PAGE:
I propose to take Questions Nos. 4 to 6, inclusive, together.
In the course of my speech at the Annual Fianna Fáil Wolfe Tone Commemoration at Bodenstown on 18 October 1992, I said the following:
I would like to give an undertaking that any agreement that is reached between the two Governments and the political parties in the North of Ireland could be put in a referendum to the people both North and South at the same time. In that way all the people of this island would be given the opportunity to pronounce simultaneously, for the first time since 1918, on the form that future relationships might take on this island. Such a mandate would provide a conclusive endorsement of the peaceful democratic approach so earnestly desired and supported by the vast majority of the Irish people.
In relation to Articles 2 and 3 of the Constitution, I clearly stated the Government's position in reply to Parliamentary Questions on 7 October 1992. Any question of a referendum affecting the Articles would arise only in the context of a comprehensive agreement which achieved, in particular, a satisfactory balance between the positions of the Irish and British Governments and of the Nationalist and Unionist traditions in Ireland on the central constitutional issue.
But if such an agreement were reached and if constitutional sanction were conferred on it by a positive vote of the people in a referendum it is quite possible that the position in regard to the matters dealt with in Articles 2 and 3 could be affected by the agreement reached and any related constitutional amendment.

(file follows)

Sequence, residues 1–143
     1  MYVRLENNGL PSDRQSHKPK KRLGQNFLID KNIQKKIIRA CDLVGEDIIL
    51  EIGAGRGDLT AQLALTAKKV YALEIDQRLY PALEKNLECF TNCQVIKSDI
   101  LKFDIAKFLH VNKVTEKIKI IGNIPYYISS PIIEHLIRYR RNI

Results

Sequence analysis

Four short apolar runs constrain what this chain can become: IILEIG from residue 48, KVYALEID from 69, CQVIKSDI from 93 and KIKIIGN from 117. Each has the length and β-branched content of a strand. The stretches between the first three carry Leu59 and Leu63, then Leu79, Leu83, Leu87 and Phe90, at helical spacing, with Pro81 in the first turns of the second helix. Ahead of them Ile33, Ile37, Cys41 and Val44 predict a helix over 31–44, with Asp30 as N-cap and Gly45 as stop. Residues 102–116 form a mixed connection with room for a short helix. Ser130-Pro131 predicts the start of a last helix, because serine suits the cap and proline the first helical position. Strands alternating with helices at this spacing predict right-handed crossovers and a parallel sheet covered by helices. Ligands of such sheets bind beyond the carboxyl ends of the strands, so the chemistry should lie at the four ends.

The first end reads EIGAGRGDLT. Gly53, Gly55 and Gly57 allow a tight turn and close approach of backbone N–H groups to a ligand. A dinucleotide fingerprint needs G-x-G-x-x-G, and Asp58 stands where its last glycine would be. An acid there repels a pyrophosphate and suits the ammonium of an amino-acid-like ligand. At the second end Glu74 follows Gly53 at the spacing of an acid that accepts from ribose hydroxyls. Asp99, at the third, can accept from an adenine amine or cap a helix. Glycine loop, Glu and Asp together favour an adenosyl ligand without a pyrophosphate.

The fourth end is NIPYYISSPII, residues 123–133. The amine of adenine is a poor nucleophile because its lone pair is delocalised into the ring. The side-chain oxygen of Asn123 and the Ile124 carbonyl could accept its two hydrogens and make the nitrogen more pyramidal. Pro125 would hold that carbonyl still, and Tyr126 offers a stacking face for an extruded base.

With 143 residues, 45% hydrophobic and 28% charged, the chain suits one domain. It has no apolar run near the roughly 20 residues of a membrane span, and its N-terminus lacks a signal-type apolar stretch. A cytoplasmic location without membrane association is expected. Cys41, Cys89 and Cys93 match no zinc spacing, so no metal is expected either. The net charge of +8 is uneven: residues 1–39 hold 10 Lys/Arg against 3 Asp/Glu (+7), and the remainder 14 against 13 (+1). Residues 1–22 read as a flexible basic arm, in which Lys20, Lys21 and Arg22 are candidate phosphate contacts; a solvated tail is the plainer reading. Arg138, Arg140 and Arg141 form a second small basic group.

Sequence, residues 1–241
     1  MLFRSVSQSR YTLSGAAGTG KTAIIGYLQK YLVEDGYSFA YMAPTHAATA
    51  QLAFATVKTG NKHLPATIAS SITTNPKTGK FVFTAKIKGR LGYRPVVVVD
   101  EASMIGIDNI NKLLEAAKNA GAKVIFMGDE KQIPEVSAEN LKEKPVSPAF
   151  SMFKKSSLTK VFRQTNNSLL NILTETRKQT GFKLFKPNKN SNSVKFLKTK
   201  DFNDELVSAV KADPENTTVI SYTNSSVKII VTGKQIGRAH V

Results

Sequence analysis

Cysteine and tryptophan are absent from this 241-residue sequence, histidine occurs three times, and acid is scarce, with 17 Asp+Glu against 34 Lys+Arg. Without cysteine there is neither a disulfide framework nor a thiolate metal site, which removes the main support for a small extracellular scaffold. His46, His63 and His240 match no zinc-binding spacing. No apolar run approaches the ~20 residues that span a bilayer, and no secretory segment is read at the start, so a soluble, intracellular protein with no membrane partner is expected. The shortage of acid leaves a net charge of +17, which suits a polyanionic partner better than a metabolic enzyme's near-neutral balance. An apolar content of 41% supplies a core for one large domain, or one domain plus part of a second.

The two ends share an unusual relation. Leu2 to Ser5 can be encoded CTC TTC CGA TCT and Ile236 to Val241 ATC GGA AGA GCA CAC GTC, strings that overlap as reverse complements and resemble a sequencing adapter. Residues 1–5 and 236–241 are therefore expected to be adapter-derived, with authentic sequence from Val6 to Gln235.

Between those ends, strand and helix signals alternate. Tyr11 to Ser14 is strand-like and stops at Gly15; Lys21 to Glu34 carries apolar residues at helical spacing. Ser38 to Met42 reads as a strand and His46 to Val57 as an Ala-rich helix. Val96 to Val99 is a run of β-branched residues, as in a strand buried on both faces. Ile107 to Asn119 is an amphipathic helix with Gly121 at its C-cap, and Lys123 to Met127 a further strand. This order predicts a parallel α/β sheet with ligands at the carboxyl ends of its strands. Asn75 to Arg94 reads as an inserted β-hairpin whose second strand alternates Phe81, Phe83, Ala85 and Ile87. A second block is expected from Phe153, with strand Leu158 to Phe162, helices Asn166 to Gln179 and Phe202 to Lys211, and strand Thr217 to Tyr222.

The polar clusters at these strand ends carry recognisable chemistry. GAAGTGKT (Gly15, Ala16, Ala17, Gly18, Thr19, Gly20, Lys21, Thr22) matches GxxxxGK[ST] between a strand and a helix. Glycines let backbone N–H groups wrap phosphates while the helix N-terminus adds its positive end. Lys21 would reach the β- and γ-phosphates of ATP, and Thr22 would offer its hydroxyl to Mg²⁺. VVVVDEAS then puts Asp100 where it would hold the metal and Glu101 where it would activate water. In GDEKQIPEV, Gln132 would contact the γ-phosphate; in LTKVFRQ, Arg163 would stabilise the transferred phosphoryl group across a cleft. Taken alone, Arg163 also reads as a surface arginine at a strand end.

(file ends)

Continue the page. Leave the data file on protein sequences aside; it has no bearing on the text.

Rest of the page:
I also said in the course of my Bodenstown speech that:
a balance must be restored between the recognition of existing constitutional realities and the acknowledgement of the value of a future that we believe would be best for all the people of Ireland. That future is desired by some, and recognised by many more as likely to happen eventually. Taking a positive view of Irish unity and encouraging it as a long term solution is in no way incompatible with accepting the necessary principle of agreement and consent and does not conflict with any obligation that either Government have undertaken.
Having regard to the agreement by all of the parties to the talks process that the discussions should be treated confidentially, I do not propose to comment on media reports regarding matters discussed.